After 4 different excursions to penguin colonies, I became slightly blase about the little critters - but here are my favourite - the cute little Gentoo Penguins of the Falklands. They actually walk like a 70s comedian doing a bad impression of a penguin walk and are completely fearless of humans so you can get very close to them. The Magellanic Penguins of Tierra del Fuego weren't nearly as sociable - I guess that's British good manners for you....


Our cruise ship was too large to get into Port Stanley, so we spent our few days off the Falklands at anchor in the shadow of 8 Second World War guns. I just liked this photograph for purely immature reasons. Boom!


The final picture of my cruise is of the recreation of the fort (called Fort Buelnes) at the southernmost settlement on mainland South America. However, life wasn't exactly easy at this place and most settlers died of starvation. Eventually the survivors found a different place nearby with better prospects, so they deserted their original location and built a new, slightly northerly city called Punta Arenas instead. Mind you, they could have given themselves a fighting chance by naming their original town something other than "Port Famine"...

13 Rants & Replies:

Blogger garfer said...

You missed out the most important bit. What were the steaks like in Buenos Aries?

My cousin is in the Falklands with the RAF at the moment. You could have waved at him from the ship.

7:36 pm, December 19, 2005

 
Blogger Inexplicable DeVice said...

Floralis Generica looks spectacular! An amazing photograph. However, how much did you have to pay those midgets to dress up as penguins?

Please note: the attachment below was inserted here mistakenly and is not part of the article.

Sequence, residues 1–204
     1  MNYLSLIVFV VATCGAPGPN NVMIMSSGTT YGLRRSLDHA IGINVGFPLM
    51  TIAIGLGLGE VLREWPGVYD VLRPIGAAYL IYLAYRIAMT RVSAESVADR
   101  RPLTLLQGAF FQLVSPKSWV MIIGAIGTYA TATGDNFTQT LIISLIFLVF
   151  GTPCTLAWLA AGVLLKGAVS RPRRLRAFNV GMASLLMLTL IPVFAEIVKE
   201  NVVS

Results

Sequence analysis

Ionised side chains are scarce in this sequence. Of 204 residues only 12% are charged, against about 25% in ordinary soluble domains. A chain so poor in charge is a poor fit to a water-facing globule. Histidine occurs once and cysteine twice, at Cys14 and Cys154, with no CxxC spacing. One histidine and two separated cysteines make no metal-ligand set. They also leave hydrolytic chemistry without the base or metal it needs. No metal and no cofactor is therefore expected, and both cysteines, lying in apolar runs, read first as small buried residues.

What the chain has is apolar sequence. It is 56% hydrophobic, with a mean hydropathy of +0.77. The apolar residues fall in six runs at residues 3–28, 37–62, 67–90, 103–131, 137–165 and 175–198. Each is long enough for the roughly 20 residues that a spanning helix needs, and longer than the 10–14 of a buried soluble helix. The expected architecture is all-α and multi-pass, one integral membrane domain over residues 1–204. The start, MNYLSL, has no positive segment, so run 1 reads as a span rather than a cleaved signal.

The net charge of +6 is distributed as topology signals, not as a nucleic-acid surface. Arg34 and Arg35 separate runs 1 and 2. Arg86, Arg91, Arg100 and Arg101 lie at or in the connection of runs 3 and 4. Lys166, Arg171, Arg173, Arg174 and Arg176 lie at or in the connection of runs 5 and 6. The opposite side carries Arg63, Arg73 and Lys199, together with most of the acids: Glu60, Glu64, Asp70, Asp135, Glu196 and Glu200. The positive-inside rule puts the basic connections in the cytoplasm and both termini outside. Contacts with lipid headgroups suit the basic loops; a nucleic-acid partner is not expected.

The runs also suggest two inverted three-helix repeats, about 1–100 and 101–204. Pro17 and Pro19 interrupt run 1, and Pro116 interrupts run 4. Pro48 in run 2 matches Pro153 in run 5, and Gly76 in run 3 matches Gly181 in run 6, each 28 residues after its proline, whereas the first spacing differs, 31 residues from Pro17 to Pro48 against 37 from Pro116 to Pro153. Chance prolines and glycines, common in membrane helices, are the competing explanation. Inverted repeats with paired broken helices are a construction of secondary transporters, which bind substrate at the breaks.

9:27 am, December 20, 2005

 
Blogger Merkin said...

Oh yes - the steaks! I went to a fantastic steak place in the "Puerto Madera"(?) area of Buenos Aires where I paid about £5 for a huge meal of grilled chitterlings, 3 different cuts of meat and accompanying sweetbreads etc. Mmmmmmmmm - amazing! Oh, bad luck about your cousin Garfer - I hope he recovers from having to wear that horrible uniform soon. I recommend a diet of dark blue...

Midgets were very cheap IdV - it was getting them to mate that cost the money. Dwarf porn - sweet!

9:32 am, December 20, 2005

 
Blogger Mark Gamon said...

The Beagle Channel? Cape Horn?

Do you have ANY idea how jealous I am?

Damn. D'you think the Navy'll still take me, at 53?

Don't answer that...

12:36 pm, December 21, 2005

 
Blogger Wyndham said...

Glad to have you back, Merkin, just in time for the really cold weather.

5:06 pm, December 21, 2005

 
Blogger patroclus said...

Merkin, you are without a doubt the most glamorous adventurer-type person that I know (well, you know, *know* in the internet sense...). Very well done. Excellent photgraphs. Extremely jealous. Great to have you back though!

No juicy gossip regarding the mysterious travelling companion, I notice...

7:11 pm, December 21, 2005

 
Blogger Aginoth said...

Wow, looks like a good time was had, spectacular pictures. I'm not jealous at all...honest....

7:27 pm, December 21, 2005

 
Blogger Merkin said...

Gawd - you guys *BLUSH*. Yes, it was amazing, but it's great to be back home to my freezing house. Anyone know any tips for cheap double glazing?!

7:46 pm, December 22, 2005

 
Blogger WordWhiz said...

Wow! What fabulous photos! What a trip! I was going to gripe about not having received a post card, but these photos are better than some stinkin' post card!

Welcome back and have a wonderful holiday!!!

9:52 pm, December 22, 2005

 
Blogger surly girl said...

what ship was that then?

2:55 pm, January 05, 2006

 
Blogger Merkin said...

I'm not 100% sure I'm allowed to say. Put it this way - in Ancient Greece, she would have been named "Athena 2"...

3:05 pm, January 05, 2006

 
Blogger surly girl said...

eh? email me - i demand to know. (not that i care about that sort of thing. oh no. not me)

8:18 pm, January 05, 2006

 
Blogger Sal said...

caption to pic N-1:

"aargh!! that cannon's so big it uses cruise liners as cannon balls!"

4:53 pm, January 06, 2006